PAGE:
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South Africa and India scaricato 1 volte

South Africa and India

The Portuguese, Dutch, British and French started trading in India in the 16th century but it was the British who dominated and in 1857 India became a British colony and Queen Victoria became the Empress of India. However Indian people did not like the oppressive British rule. India won the independence from British in 1947 and this was thanks to the
efforts of one man in particular: Mahatma Gandhi. Gandhi was born in 1869 in India. His family were Hindu. He studied law at London University and then went to South Africa to work. He saw how badly the Indian community in that country was treated and he started defending the rights of Indian people.
He spent 20 years in South Africa during each time he was arrested many times. When he was back to India, Gandhi encouraged the people to oppose British oppression by refusing to use British goods or instruction, but he taught them never to use violence. He led a “March to the Sea”. People walked with him to the coast and symbolically made their own salt from the sea water in a peaceful protest against British taxes on salt. Gandhi worked for peaceful coexistence between Hindus and Muslims. Gandhi was not interested about material wealth. He ate simply and he slept on the ground and his only clothes were a simply garment made from himself and a pair of sandals.

He was assassinated in 1947 by a Hindu. But he price of independence was high, the country was divided into the Islamic Republic of Pakistan and the Republic of India and many people were killed in demonstrations. Gandhi was an inspiration to South Africa's Nelson Mandela during his 27 years in prison. Nelson Mandela opposed the apartheid system that segregated the white minority from the black majority. Black people had separate schools, they lived in different areas and they
even had black-only buses and bus stops. Nelson Mandela and President De Klerk won the Nobel peace prize for bringing an end to apartheid. In 1994 there were democratic elections and Nelson Mandela became the president of South Africa.

India: a fast moving country

India is the 7th largest and the second most populous country in the world. It has multilingual and multiethnic society. It is a beautiful and ancient country with great geographical, cultural and economic diversity. Modern India is home both to very poor and the sophisticated urban jet-setter. The country suffers from high levels of extreme poverty, illiteracy levels and malnutrition, but its mountains and beaches have superb superb sports facilities for the rich. Economic reforms have transformed the country into the second fasted growing large economy in the world, and industrial development has brought the country to be one of the world's top ten nations, were technology in advanced and nuclear power in produced.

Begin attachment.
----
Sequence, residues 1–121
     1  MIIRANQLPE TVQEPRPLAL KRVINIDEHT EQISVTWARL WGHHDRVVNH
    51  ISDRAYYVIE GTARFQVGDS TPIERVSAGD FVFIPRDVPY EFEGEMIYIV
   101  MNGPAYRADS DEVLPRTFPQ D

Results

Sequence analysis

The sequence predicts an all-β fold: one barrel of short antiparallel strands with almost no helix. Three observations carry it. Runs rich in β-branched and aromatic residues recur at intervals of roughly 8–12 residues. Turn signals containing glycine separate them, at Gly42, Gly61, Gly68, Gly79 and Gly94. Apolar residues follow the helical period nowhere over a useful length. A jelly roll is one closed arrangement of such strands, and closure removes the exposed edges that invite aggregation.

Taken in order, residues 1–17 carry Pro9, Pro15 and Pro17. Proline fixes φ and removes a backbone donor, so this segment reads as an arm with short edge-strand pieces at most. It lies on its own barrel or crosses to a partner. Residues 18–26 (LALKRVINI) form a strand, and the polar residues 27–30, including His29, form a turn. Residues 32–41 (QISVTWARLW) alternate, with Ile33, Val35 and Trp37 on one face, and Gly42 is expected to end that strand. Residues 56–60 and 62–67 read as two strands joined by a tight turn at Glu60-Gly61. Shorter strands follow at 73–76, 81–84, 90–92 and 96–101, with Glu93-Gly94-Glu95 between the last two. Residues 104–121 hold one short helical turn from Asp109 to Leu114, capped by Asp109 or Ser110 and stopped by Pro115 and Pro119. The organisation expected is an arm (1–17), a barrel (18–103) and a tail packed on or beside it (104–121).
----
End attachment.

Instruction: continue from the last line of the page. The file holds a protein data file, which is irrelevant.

India is a country of contrasts. In Bombay, for example, there is an enormous film industry and it is also the home of many important computer technology companies.
Bombay also has big problems with poverty and homelessness, particularly affecting children and teenagers. The last calculation was that India has 11 million homeless children. The "railway children" are just one example of these terrible problems. There are 125 train stations just in Bombay and hundreds of children live in them. They have run away form home because of poverty, hunger or problems with their families. They have come to Bombay because they think it is a big and exciting, the Los Angeles of India. But then they arrive, there is nothing for them to do. They have to carry bags for rich passengers, clean the trains, sell water and ask for money. The only clothes they've got are the clothes they are wearing and they haven't got any shoes. At night they sleep on the platforms in the station, if the police don't move them.
Many Indian and international chariries are now trying to solve these problems. They try to protect the children and give
them food, clothes love and respect.

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